• What does the careers support look like? This can vary among institutions, so make sure you know what this looks like and whether it fits with your expectations and needs. Some questions you may want to consider include, for example, “Is careers support/professional development timetabled as part of the course?”, “Is it tailored to the course and industries I’m applying to?”, “Do I get support before I join the course and for how long after I finish?”, “What is the experience of the people delivering it?”.
  • Reputation of the course? This is sometimes harder to find out, but, for example, look for whether universities are accredited to give exemptions, have good research rankings and links with the industry and the professional bodies.
  • Global alumni community? Does the academic institution run a structured programme of alumni outreach and engagement? Strong alumni relationships help build relationships with the new crop of talent coming through the programme. This also creates opportunities to support and celebrate programme developments with the connected community worldwide.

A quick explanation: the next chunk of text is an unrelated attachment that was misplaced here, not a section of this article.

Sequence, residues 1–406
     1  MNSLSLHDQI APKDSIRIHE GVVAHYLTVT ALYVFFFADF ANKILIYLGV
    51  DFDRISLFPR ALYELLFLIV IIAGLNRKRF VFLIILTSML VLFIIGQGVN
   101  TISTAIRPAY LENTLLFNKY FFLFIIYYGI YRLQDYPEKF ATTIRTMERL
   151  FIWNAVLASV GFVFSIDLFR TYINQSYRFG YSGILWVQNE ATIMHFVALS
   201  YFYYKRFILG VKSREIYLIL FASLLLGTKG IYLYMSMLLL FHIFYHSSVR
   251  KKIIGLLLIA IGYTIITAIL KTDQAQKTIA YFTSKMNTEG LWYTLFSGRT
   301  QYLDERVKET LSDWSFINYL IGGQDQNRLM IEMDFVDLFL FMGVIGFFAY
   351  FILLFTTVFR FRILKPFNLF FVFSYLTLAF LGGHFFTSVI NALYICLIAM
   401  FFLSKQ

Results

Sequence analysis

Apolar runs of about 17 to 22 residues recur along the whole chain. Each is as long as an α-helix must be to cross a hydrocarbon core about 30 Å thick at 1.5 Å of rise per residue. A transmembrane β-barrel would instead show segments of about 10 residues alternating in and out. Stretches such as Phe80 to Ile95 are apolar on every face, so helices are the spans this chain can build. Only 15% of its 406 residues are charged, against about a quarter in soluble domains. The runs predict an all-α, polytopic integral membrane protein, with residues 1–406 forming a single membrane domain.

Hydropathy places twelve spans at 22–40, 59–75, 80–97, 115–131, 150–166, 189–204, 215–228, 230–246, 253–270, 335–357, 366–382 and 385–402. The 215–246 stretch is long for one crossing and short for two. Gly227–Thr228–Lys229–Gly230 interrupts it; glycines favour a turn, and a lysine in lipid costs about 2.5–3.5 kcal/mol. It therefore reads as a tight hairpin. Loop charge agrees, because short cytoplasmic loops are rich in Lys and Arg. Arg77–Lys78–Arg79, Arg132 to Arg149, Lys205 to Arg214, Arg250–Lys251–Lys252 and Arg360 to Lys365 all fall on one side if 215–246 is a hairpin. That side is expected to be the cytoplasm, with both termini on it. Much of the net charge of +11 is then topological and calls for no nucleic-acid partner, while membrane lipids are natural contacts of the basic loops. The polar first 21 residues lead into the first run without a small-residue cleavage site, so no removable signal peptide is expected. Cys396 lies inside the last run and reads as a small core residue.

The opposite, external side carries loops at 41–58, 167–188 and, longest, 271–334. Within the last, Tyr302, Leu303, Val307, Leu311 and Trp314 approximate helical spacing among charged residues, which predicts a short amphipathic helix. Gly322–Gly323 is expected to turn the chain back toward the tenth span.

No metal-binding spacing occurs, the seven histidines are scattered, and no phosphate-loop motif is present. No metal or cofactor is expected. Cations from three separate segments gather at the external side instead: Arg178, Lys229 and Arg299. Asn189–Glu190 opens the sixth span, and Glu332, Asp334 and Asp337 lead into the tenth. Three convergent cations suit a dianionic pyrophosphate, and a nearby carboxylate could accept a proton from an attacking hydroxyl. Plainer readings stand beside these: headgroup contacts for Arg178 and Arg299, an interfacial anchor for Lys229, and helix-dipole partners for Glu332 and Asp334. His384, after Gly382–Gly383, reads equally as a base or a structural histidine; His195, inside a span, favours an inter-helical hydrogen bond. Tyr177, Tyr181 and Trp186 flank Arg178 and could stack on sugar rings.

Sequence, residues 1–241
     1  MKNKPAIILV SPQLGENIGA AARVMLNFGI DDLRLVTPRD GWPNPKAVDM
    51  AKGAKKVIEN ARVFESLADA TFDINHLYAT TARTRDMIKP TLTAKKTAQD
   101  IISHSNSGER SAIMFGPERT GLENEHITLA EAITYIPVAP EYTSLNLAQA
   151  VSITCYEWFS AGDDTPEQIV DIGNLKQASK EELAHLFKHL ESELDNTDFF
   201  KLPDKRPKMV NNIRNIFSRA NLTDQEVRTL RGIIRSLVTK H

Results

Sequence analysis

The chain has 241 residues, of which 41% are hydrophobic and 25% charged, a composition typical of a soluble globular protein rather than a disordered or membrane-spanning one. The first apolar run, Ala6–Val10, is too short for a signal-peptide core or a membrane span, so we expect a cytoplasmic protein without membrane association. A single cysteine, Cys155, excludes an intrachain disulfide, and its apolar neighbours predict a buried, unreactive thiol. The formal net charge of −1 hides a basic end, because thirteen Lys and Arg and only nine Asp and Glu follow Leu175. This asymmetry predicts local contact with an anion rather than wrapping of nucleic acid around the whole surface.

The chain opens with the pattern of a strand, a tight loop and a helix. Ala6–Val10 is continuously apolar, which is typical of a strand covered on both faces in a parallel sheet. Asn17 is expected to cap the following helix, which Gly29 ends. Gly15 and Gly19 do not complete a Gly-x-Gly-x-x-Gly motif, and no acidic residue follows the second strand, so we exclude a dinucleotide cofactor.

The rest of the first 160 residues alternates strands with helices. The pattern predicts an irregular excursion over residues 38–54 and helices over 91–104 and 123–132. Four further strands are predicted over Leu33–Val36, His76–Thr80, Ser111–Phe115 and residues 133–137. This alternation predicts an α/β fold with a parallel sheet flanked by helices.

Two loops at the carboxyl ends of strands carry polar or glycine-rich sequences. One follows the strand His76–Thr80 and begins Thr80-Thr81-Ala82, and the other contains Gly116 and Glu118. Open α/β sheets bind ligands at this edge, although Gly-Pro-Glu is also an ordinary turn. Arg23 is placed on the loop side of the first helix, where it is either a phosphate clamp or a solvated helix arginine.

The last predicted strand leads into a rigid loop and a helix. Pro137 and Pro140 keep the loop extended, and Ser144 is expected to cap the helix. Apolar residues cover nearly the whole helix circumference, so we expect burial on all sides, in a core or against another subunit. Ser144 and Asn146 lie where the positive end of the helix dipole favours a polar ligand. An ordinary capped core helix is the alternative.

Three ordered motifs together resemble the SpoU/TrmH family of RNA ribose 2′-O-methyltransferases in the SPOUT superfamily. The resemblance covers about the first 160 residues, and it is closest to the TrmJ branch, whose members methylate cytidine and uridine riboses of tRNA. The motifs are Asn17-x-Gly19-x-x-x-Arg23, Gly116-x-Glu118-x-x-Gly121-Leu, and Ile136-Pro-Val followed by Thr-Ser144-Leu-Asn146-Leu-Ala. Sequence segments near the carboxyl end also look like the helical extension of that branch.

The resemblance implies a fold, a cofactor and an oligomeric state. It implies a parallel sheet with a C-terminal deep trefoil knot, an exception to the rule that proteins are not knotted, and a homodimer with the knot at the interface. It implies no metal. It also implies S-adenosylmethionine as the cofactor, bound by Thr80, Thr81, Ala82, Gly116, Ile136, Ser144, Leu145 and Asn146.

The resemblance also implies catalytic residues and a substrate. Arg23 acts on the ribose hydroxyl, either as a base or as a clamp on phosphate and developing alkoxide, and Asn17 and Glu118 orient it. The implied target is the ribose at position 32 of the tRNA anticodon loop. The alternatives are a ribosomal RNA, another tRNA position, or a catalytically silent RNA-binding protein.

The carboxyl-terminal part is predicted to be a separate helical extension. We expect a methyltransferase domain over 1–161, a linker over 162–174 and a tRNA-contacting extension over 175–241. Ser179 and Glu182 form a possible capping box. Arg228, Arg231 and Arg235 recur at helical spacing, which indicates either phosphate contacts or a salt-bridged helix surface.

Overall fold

• Financial support? A master’s degree can change your career and your life, but it is a significant financial investment. It is important to plan how you will fund your studies. Investigate possibilities like course scholarships, alumni discounts and other external funding opportunities for postgraduate study.
  • Is there anything else that differentiates a course? For example, at Bayes we pride ourselves on the flexibility of our courses from the summer term electives which can also be combined with research routes, offering more flexibility, a variety of disciplines, but also more control over studies to the individual.